This is something I've been doing for a long time, and in fact it used to be one of the key pieces of advice back in the '90s when I was self-learning coding from such front-end pioneers as Jeffrey Veen and Jakob Nielsen, advice that's still hugely relevant today -- that when you sit down to design a website, your first question should always be, "What would this look like in the browser of the oldest, most technologically hobbled device still realistically in daily use in our society?" Once you have a version of your site designed for that, then you can start adding all the fun bells and whistles for the majority of people who have much newer systems, without having to worry that a core part of your site's content will be inaccessible without these capabilities.

And like mentioned above, there's a powerful side effect to designing this way, which is that you are then voluntarily compliant with the Americans With Disabilities Act. As a disabled American myself (I'm 75 percent deaf, and heavily rely on government-mandated closed captioning in order to follow TV shows), I find compliance with the ADA to be a particularly important issue, an important reason unto itself to design degradable websites, apart from the practical benefits derived from it.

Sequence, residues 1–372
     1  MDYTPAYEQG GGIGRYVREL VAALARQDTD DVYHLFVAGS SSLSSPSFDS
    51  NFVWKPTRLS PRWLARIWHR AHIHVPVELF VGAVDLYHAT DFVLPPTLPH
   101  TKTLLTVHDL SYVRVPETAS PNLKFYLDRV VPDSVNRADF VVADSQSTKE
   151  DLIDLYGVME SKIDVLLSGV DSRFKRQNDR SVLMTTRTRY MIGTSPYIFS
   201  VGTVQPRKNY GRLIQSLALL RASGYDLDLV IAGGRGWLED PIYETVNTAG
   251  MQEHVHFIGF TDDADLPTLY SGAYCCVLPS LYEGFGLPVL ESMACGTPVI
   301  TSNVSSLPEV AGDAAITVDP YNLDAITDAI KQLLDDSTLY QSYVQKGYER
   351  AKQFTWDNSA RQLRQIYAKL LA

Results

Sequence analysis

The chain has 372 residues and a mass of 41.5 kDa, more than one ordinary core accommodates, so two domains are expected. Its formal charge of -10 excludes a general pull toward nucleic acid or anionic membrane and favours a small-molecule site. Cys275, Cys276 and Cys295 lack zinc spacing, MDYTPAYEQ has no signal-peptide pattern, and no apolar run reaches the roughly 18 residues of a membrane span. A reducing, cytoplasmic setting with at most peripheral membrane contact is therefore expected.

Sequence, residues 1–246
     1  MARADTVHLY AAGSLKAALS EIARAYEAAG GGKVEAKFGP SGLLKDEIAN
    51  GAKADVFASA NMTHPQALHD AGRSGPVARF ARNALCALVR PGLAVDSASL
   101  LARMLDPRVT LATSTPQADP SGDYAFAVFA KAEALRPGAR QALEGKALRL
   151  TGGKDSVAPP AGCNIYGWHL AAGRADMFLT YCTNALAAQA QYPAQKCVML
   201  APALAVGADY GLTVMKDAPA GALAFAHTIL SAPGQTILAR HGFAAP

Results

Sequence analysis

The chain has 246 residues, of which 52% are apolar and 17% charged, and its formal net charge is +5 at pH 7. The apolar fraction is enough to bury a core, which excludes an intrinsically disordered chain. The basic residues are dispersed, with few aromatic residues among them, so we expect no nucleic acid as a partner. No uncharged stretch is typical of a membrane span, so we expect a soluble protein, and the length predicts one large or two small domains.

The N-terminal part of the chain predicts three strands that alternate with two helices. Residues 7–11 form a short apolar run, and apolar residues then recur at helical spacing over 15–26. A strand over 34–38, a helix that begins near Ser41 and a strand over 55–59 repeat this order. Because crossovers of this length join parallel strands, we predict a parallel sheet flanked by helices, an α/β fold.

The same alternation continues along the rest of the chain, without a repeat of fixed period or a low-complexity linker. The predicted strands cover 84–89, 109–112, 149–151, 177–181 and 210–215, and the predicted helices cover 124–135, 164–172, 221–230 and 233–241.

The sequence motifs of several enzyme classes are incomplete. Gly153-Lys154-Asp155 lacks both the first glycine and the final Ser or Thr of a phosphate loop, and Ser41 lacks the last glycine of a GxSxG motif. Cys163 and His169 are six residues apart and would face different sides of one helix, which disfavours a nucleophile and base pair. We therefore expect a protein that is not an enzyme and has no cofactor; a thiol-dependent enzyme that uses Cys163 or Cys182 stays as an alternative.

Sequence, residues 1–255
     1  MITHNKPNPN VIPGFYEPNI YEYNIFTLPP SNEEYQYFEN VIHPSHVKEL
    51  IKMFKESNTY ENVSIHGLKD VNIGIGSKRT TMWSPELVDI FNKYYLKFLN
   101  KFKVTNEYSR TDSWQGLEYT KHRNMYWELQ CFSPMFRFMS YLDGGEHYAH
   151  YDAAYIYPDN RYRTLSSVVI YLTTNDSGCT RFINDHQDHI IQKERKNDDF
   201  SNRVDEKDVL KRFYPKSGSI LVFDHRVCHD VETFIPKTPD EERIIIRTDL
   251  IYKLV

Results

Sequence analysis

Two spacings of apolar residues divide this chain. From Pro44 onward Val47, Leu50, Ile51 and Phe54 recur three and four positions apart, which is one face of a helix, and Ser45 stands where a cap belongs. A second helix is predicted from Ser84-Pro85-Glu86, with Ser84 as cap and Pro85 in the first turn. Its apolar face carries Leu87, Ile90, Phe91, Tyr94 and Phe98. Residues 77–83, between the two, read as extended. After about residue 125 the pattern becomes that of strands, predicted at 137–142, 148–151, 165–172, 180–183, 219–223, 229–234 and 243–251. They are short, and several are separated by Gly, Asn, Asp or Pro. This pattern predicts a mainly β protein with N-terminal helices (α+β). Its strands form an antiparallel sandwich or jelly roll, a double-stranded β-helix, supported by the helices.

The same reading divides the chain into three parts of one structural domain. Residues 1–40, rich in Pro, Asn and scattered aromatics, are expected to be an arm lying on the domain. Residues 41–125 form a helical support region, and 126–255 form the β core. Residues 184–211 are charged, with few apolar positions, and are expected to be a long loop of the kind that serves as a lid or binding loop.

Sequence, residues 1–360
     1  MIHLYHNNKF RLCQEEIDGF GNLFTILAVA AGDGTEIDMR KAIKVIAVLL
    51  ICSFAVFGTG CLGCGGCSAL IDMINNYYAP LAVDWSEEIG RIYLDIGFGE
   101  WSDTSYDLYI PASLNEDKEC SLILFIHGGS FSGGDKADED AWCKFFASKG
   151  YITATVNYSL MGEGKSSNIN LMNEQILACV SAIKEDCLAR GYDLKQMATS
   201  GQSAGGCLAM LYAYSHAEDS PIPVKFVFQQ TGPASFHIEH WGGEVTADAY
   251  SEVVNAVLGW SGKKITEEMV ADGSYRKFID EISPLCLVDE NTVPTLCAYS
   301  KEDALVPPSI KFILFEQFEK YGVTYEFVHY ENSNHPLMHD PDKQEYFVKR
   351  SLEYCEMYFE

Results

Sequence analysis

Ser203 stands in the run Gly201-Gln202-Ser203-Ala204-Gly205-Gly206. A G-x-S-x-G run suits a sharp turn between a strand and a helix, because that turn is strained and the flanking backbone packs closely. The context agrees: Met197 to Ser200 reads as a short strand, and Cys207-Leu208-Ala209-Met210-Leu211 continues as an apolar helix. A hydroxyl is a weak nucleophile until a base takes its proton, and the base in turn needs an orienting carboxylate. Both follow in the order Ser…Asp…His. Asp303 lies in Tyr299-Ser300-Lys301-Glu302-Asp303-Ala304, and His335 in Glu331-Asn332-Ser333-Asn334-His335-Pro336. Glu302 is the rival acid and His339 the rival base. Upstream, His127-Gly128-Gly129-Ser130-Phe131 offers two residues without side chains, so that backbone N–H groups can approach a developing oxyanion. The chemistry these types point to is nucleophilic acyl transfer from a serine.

Second, I wanted to make sure that my website is as responsive as humanly possible, because this is one of the biggest optional skills employers are looking for in front-end designers, one of the things that can help tip the odds your way when you're vying for a position among a bunch of people who all know the same basic skills equally well (like, for example, someone like me who just got out of a coding bootcamp). This is such an important issue, in fact, that I've moved all the details into a standalone entry at my technology blog, Adventures in Codeland (coming soon); but basically, it's all about asking whether your website is responding in different ways based on what kind of device is outputting it (for example, a phone versus a laptop), and loading up modified versions of the design optimized for just that device, but without having to write a bunch of completely different templates and all the complicated code that hops from one to another based on the device, done instead through a single well-designed HTML page and the brand-new "media query" function in CSS3. Like I said, much more on this subject at my Medium.com blog for those who are curious; but in a nutshell, this website loads in noticeably different ways depending on whether you're looking at it on a phone in portrait mode, a phone in landscape mode, a tablet or small laptop, a desktop or big laptop, a media device specifically running in fullscreen mode on a television (like an AppleTV or Chromecast), or on paper after printing it out. Go ahead, try it out under all these conditions and see for yourself, then send me screenshots or photos of what you see, because I'm trying to gather up a whole gallery of images of what this site looks like among every device under the sun!